Out To Play - Section 9: Childminding Settings - Practical guidance for creating outdoor play experiences
Childminders make good use of the outdoors to enhance children's opportunities and experiences therefore many of the key areas described in the Out to Play guide are relevant for individual childminding settings. The aim of this section is to highlight how Out to Play can be used to strengthen outdoor play-based learning practices in your own childminding setting. In addition, we wanted to illustrate how some of the key areas within Out to Play are already being put into practice by childminders across Scotland.
All children in childminding settings, as outlined in the Health and Social Care standards, should have outdoor experiences on a daily basis. We recognise that childminders, in the main, do not have difficulty in accessing outdoor spaces as most have their own garden or access to local parks, beaches, woods, greenspace and other outdoor facilities in the local community. Being flexible and responsive to the needs and interests of children means that being outside is very much part of the daily routine for many childminders. Whether it is simple activities like walking the dog, walking to and from school to drop off and pick up other children, or a trip to the woods, outdoor play-based learning activities can be throughout the day for childminding settings.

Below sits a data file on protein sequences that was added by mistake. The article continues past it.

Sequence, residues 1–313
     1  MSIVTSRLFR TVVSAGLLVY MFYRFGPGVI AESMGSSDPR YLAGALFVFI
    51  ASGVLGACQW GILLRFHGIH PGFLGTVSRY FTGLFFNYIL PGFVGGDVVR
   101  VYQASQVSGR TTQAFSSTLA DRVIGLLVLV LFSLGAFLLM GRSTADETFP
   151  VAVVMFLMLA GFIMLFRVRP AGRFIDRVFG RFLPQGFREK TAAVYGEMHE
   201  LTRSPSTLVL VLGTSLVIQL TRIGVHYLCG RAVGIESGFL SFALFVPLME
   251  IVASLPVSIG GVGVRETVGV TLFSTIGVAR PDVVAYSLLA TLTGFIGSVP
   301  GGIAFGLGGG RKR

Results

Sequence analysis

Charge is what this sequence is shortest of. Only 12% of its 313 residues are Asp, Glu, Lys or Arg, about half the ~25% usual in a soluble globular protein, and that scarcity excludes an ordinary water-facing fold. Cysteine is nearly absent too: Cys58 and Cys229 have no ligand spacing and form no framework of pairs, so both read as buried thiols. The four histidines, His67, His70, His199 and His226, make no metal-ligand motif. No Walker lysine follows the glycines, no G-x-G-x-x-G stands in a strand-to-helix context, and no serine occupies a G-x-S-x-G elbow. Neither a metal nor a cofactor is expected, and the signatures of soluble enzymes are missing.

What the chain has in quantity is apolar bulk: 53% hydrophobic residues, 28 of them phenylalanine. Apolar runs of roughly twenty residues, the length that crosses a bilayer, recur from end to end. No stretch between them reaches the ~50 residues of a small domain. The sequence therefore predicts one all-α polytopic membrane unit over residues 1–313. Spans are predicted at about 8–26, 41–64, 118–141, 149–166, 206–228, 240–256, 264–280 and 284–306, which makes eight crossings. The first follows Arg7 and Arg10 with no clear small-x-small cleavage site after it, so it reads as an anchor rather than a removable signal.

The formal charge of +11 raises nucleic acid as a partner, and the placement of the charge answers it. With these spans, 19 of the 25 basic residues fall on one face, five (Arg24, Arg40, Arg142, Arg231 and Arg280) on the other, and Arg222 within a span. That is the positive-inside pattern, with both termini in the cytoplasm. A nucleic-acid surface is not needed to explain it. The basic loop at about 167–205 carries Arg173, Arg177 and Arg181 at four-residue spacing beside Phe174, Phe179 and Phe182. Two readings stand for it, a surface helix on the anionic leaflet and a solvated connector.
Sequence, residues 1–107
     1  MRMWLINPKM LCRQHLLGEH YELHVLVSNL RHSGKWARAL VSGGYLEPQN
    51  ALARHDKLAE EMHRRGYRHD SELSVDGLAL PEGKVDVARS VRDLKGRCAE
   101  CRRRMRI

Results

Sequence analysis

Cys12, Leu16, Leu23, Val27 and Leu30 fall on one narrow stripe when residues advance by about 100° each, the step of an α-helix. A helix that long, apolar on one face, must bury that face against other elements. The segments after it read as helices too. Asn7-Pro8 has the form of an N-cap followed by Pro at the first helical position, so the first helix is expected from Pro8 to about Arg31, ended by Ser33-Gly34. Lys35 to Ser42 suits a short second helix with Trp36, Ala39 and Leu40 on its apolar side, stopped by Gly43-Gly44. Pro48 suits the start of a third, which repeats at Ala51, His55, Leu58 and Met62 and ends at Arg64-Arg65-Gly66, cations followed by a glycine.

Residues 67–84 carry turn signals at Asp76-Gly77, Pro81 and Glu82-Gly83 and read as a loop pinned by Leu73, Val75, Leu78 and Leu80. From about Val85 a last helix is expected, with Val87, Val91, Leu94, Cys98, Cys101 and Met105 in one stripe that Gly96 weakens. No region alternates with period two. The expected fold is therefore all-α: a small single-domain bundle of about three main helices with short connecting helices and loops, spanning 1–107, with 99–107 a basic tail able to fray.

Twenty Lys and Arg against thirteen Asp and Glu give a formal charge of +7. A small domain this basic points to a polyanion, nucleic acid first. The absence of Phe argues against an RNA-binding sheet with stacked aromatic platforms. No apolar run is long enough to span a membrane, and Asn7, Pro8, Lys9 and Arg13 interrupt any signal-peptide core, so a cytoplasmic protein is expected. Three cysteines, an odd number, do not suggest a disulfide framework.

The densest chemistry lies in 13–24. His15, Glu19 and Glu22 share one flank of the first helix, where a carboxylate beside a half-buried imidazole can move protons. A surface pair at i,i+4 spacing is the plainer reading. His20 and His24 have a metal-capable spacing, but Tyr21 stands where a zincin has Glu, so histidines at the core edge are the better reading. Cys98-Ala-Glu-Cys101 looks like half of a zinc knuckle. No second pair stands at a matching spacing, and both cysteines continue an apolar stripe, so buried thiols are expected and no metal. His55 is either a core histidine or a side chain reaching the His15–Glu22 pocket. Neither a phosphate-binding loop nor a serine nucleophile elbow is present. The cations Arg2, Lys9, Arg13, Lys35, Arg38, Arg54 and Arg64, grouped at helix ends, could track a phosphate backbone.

Childminders use the natural environment around them, as well as existing resources, to ensure outdoor experiences can be low or no cost. Being creative with loose parts play, gathering wood or sticks for building, or using tree trunks for balance and coordination, the world around us is waiting to be explored and we would encourage you to make use of the natural world at our fingertips.
As well as recognising that playing and learning outdoors is life-enhancing, this section also helps to support the Scottish Government's Blueprint for 2020: the Expansion of Early Learning and Childcare in Scotland. In particular, it links to the Quality Action Plan (action 10), namely to, "…promote greater use of outdoor learning and physical activity, finding access to suitable outdoor areas and making the most of the opportunities that these offer to promote children's development."
Using Out To Play
Many childminders will already be making full use of the environment in their local community. Out to Play will help to expand the practice that is already provided by childminders and consolidate the play and learning which all ages of children enjoy together. You may already have a garden where children can choose to play either outdoors or indoors, or you may wish to further explore ideas for increasing access to the outdoors. When planning what you want to achieve, think about:
How you can improve and increase outdoor play and learning experiences in your existing setting.
How you can expand your existing service by using your existing outdoor space or by using outdoor space elsewhere.